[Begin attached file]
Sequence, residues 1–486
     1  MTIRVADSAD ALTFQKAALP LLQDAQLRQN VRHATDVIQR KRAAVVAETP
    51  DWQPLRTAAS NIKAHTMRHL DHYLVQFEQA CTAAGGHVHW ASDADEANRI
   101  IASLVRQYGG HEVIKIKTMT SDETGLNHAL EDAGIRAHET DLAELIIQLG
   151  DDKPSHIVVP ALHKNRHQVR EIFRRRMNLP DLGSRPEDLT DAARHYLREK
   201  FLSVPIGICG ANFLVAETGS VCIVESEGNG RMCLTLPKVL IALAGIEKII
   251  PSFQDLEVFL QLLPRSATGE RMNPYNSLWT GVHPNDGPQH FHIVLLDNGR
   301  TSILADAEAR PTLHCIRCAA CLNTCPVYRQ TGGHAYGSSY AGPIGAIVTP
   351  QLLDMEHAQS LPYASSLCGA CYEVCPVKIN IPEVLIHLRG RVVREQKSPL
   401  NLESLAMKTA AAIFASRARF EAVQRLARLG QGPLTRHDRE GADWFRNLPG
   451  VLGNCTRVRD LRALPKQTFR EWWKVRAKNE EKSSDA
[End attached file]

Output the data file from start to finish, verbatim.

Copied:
Sequence, residues 1–486
     1  MTIRVADSAD ALTFQKAALP LLQDAQLRQN VRHATDVIQR KRAAVVAETP
    51  DWQPLRTAAS NIKAHTMRHL DHYLVQFEQA CTAAGGHVHW ASDADEANRI
   101  IASLVRQYGG HEVIKIKTMT SDETGLNHAL EDAGIRAHET DLAELIIQLG
   151  DDKPSHIVVP ALHKNRHQVR EIFRRRMNLP DLGSRPEDLT DAARHYLREK
   201  FLSVPIGICG ANFLVAETGS VCIVESEGNG RMCLTLPKVL IALAGIEKII
   251  PSFQDLEVFL QLLPRSATGE RMNPYNSLWT GVHPNDGPQH FHIVLLDNGR
   301  TSILADAEAR PTLHCIRCAA CLNTCPVYRQ TGGHAYGSSY AGPIGAIVTP
   351  QLLDMEHAQS LPYASSLCGA CYEVCPVKIN IPEVLIHLRG RVVREQKSPL
   401  NLESLAMKTA AAIFASRARF EAVQRLARLG QGPLTRHDRE GADWFRNLPG
   451  VLGNCTRVRD LRALPKQTFR EWWKVRAKNE EKSSDA